Community welding class sparks interest for locals
Valley Campus / February 22, 2016 / Written by Margaret Sanderson
After taking the month long Community Education welding class at Trinidad State last year, Jon Hathaway’s confidence in his welding ability soared and he no longer feels intimidated. He knew the basics, but now he can weld pipe and he knows about beads and different rods and their applications. And he even learned about MIG wire welding. He had hoped to take the class again this year, but his schedule wouldn’t allow it. “I learned so much from Jack Cochran. That class helped me immensely. I definitely want to take it again.”
Last year the Colorado Potato Administrative Committee approached the college about a welding class at night - not for credit but long enough to learn some tricks of the trade. The response was so good that the college decided to repeat it again this February. Once again the class is being taught on Tuesday, Wednesday and Thursday nights from 6 to 9 p.m. by Jack Cochran.
True to last year’s class, the majority of participants this year are also connected to farming in some way.
Colby Harrison’s dad, Todd Harrison, has always called Cochran when he needed welding done on the farm. Colby, who graduated from high school last year, works for Beiriger and Sons Irrigation and helps his dad on the farm whenever he can. A year away at military school as a junior gave him a greater appreciation for this rural area. “I’m happy with a small town,” said Colby who would like to learn enough about welding to help more on the farm.
Marcos Diaz graduated from high school in 2011 and farms with his parents. His mom told him about the class and he thought it would be a good idea. “I don’t think there’s anything like country life. I get to go out there and play in the dirt and drive tractors,” Diaz said. “And getting some welding tips will help.”
“I am a farmer and I want more experience. I want to be handy in everything,” said Marco Rivera who also graduated high school in 2011 and works on a local farm. He has already earned a diploma as an electrician apprentice and last year he completed the LETA (Law Enforcement Training Academy) at Trinidad State. He is father to ten-month old twins. “This class is real interesting and it’s pretty fun,” Rivera said.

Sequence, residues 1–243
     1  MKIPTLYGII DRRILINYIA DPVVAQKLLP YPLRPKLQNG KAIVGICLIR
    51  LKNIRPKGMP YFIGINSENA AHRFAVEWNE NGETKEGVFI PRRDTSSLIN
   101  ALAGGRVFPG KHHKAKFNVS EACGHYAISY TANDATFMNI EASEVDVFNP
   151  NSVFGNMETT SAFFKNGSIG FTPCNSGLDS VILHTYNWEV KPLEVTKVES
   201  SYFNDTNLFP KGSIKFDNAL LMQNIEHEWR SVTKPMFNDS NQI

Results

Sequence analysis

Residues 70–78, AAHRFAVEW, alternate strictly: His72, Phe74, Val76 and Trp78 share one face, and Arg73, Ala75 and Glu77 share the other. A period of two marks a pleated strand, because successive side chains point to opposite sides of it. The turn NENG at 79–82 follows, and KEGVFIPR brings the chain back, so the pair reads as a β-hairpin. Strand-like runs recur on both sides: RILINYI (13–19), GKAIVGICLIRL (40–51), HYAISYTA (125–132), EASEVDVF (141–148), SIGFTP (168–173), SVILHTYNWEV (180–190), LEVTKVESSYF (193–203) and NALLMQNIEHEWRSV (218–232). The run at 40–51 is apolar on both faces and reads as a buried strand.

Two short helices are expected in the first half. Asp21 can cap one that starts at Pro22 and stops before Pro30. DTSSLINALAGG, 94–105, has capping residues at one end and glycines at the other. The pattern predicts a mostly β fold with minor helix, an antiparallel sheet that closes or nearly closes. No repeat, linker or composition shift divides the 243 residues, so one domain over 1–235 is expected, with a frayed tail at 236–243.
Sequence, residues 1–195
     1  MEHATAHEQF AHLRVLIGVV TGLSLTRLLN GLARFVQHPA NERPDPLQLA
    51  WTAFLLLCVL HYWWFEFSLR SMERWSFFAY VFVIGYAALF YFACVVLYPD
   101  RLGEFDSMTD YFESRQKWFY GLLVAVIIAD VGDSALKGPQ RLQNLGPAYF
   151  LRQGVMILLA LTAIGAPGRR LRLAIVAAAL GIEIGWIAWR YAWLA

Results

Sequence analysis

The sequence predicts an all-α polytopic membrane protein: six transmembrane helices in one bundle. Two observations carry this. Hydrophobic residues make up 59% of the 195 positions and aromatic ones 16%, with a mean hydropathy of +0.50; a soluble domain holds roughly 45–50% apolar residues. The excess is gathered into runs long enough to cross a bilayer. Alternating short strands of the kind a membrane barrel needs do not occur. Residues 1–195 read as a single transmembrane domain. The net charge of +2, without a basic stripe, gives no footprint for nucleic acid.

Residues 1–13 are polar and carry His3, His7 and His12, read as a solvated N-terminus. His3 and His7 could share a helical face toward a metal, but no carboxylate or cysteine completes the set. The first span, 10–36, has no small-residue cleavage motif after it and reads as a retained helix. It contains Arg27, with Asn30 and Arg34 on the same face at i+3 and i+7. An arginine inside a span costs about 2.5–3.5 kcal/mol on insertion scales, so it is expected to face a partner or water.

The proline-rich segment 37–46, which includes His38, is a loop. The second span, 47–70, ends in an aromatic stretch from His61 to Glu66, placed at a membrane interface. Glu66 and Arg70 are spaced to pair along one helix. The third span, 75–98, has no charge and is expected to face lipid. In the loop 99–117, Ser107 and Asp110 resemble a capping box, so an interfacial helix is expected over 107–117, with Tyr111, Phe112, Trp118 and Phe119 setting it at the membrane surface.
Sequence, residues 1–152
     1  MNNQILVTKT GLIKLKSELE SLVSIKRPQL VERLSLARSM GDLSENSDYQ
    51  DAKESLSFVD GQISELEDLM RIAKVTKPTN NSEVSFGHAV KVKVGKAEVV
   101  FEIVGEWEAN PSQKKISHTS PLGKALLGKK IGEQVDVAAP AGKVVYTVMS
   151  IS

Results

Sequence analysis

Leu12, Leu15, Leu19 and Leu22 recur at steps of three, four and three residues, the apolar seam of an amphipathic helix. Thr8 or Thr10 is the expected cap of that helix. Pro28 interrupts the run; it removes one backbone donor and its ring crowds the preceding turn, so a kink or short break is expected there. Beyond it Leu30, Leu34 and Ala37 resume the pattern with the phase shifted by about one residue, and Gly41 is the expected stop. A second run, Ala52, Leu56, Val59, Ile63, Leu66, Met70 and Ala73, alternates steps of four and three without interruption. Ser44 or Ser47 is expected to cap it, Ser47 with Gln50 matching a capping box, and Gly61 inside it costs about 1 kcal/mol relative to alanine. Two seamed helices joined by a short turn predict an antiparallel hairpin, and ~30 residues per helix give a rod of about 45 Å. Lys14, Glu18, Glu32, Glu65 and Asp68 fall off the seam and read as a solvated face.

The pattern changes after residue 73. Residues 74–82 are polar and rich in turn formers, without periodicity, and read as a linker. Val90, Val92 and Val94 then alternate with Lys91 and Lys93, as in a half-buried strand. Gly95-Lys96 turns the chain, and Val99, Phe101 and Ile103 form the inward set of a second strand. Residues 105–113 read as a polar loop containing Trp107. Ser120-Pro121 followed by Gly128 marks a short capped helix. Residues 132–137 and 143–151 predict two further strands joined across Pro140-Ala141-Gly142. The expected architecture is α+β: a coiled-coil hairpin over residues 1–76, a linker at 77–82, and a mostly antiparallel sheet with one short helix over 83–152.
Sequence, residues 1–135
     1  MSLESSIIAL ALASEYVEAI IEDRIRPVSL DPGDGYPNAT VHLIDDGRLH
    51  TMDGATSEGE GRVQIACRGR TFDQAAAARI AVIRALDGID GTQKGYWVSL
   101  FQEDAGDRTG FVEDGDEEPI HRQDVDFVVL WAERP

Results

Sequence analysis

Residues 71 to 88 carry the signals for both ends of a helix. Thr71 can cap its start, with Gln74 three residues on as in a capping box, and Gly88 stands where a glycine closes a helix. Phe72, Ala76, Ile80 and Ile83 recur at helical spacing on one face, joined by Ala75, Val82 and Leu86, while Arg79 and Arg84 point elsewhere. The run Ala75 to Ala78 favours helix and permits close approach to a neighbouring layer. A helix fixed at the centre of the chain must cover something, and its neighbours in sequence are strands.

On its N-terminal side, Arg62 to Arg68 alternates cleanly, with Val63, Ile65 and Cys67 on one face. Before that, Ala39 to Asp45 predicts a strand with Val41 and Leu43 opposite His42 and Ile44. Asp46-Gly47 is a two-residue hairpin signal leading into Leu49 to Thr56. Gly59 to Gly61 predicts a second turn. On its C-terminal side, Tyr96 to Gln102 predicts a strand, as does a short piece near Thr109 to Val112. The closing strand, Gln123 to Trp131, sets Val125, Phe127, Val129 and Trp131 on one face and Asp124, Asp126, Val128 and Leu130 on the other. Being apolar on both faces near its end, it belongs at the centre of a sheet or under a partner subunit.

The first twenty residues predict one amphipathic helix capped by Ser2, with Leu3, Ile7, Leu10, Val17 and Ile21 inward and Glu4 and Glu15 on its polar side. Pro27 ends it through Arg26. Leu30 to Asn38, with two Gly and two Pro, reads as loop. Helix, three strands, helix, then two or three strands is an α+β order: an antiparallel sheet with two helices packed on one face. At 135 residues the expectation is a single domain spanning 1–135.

Husband and wife team, John and Deb Braly, decided to take the class together. They have a portable welder at home. John has welded before but wanted to improve his skills and Deb has wanted to learn for a long time. John surprised Deb with a light-sensitive welding helmet for Christmas which darkens almost instantly as light grows more intense. They have some team welding projects planned – a saddle rack and corrals for starters. Deb has plans for some art projects for her yard. “We started off burning holes in everything,” said Deb, a nurse by profession. “Baptism by fire has a whole new meaning! It’s a good winter sport and it’s a lot of fun.”
Students varied skill sets require instruction at their individual levels. Cochran teaches Oxy Acetylene welding first then moves on to Shielded Metal Arc Welding and then to MIG wire welding. He then teaches TIG welding using tungsten to those who want to weld aluminum or steel. Maybe Hathaway can join Cochran next February and learn how to work with tungsten so he can build that aluminum trailer he’s been dreaming about.
Cochran received his training while attending Monte Vista High School. “They sent me there instead of kicking me out of high school,” quipped Cochran who did welding as a work study the last half of his senior year. I have pretty much earned a living “burning rods” since 1974. After attending a night class at the San Luis Valley Vocational School (now the Trinidad State Valley Campus) in 1988 to earn his welding certification, Cochran started his own portable welding business and has gone through five pick-ups and two welders.
To express interest or suggest other community classes, call Trinidad State at 719-589-7000 and ask for Jack Wiley.